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Published: October 2nd 2021
The 3.5 hour ferry trip from Dieppe in France to Newhaven in England travelled over remarkably calm seas for the English Channel. We disembarked in England with no hassles, and the comfortable train trip into Victoria arrived around 6.30pm. I left Christine at this point, but not before receiving an invite to visit her up at her student pad at Newcastle-upon-Tyne. I had no joy in contacting my cousin Peter, so I ended up taking a room at O’Callaghans, next to the Earls Court tube, where I got a shared room for GBP1.40. It was a pretty relaxing night just chatting to a group from NAT.
First job next day was a visit to the laundromat for a comprehensive clothes wash, which took over an hour. Then it was down to Sundowners to check out my mail – found a good collection there, included two posted to me in Iran. Then I almost got run over in the street by Ilga and Jane (a couple we had spent time with in Bali), and was invited over for drinks that night. Other business included enquiries about student flights to LA, banking and Amex traveller’s cheques, and AA re International Drivers Licence.
I took in a couple of travel centres for info on the Middle East before a late lunch. At 4pm, I checked out the movie “The Exorcist” (front stalls 70p), which was pretty horrifying but held everyone’s attention. Then it was back to Earl’s Court for a meal at the Hot Pot, before adjourning to the girls’ flat for a few grogs, a lot of travel talk, and the offer of a free cot for tomorrow night. I also gave a call to Barry Herbert, one of the guys on our Sundowners overland trip, and got an invite to stay at his place at Hastings for a couple of days.
I checked out of O’Callaghans early next day and took my gear over to the girls’ flat. I chatted to Ilga for a while and also plotted my future travels, including a potential flight home via Los Angeles. I then got a lift into town in Ilga’s VW – quite an experience in itself, with Ilga showing her true talents (and colourful language!) when a car broke down in front of us. I did a general round of the city, once again taking in all the touristy sights, as
well as visiting some more agents re Middle East options. I spent a while in Trafalgar Square, just watching the world go by, before making it down to Sundowners at Earls Court and buying a rucksack off Sally for GBP7. I was back at the flat by 6pm before taking off for dinner with Jane. We later caught up with Ilga and 3 guys after they finished work and adjourned to the Richmond Pub for many beers and a fascinating drag show until we were kicked out at 11pm.
This was a good night’s kip for me, but not so I fear for the girls who were kind enough to share the other bed. Ilga left early but Jane and I yakked until she left for work at 9am. I stayed around the flat until around 11am, then took off for Charing Cross before I was on my merry way again. I picked up the midday train for St Leonards and reached there 90 minutes later. While it rained for most of the trip, it had cleared on arrival. I caught up with Barry and Paul again after the former had slept most of the afternoon after working the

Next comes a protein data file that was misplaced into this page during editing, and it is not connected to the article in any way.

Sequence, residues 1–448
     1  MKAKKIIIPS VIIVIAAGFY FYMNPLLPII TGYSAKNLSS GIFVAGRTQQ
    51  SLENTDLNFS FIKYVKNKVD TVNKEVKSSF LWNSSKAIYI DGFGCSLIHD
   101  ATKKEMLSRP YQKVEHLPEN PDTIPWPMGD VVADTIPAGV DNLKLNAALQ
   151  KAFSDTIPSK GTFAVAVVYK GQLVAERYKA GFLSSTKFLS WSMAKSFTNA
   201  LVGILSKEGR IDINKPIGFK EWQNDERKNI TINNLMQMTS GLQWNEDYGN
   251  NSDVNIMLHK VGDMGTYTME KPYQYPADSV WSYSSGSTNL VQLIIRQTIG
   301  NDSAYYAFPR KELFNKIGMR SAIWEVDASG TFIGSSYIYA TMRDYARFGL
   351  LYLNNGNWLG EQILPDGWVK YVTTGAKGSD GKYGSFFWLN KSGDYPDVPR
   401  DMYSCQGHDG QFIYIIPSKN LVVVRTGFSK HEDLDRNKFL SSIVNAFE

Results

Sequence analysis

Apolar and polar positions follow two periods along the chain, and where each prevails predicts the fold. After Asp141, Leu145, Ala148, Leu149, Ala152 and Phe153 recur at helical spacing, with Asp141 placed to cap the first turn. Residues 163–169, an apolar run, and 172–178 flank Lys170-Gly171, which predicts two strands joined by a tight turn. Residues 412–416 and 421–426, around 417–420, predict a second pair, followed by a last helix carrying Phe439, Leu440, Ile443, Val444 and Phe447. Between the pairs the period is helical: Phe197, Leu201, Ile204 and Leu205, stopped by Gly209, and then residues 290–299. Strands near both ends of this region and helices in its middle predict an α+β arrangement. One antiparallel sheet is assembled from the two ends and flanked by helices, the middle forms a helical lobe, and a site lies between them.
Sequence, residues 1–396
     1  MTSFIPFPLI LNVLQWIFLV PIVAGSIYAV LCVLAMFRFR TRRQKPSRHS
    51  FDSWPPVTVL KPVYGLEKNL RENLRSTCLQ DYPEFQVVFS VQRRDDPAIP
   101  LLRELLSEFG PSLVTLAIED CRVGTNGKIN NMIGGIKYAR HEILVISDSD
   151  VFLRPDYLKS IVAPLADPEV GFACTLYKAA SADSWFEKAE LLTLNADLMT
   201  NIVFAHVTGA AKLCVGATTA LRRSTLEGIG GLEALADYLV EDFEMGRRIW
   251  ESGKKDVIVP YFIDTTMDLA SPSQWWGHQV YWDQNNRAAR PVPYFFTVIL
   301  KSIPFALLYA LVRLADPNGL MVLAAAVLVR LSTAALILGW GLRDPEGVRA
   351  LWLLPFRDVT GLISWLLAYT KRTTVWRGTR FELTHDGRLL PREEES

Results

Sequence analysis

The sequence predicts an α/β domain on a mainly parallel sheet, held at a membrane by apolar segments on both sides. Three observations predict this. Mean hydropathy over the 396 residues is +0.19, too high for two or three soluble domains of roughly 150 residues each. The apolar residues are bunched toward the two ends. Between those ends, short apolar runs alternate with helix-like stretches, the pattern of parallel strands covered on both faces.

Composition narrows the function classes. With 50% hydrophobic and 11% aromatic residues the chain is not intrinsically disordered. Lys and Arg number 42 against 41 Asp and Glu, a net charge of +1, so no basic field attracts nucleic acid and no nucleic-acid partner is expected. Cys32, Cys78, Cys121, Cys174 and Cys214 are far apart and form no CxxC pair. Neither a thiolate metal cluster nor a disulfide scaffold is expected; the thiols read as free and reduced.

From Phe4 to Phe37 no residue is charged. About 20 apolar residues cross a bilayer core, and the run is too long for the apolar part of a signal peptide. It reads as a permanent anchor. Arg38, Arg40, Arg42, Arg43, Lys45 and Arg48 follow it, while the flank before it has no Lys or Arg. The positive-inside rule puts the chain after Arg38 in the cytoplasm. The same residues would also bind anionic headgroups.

previous night shift. We watched looked through around 600 Sundowners slides before dinner (a great 'toad in the hole', followed by bread and butter pudding) and then watched Barry’s movies of the trip. It was off to bed around 11pm when poor old Barry had to go back to work.
September Black Friday started harmlessly enough, with my leaving the Herberts at 8am and catching the bus up to Dover. I reached there in good time for the ferry to Calais, which took just under 2 hours. The early morning rain cleared, but the day remained overcast. I had good company of the boat from Sandy, a nurse from Milwaukee, Wisconson, who then accompanied me on the train, ostensibly to Lille, but both of us missed the stop (no, not because of that!), and the conductor wanted to double charge me and fine me. I resisted both of his kind offers, so for my troubles I was heaved off the train at the next stop called le Quesnoy, where we wasted over an hour fighting with authorities and gendarmes before being put on another train back. We were joined by Steve from LA for the trip to Aulnoye and
later up over the Belgian border into Mons. There I found a totally scungy room at the Hotel de la Bouvene at a ripoff 180 BFr, but by 10pm I was thankful for anything.
I got away from the hotel next morning around 9am after a great hot bath – I had to get something for my money! I started hitching and was picked up within half an hour by ex-Brit Stuart and his wife Karen, who not only took me all the way through to Tournai, but gave me a tour of the city, bought me breakfast, and chased down where Garry and Barb (old friends from Sydney) were staying. I finally caught up with them around 1pm after a good stroll around the town, taking in the points of interest. We spent the afternoon in nostalgic and travel conversation and drinking heaps of beer, first at their flat and then down the local pub. We arrived home around 6.30pm just as Stuart was bringing back my pack. Garry invited them in and they ended up staying for a great knock-up dinner until 11pm. Stuart told us the story of his life and everybody picked up more French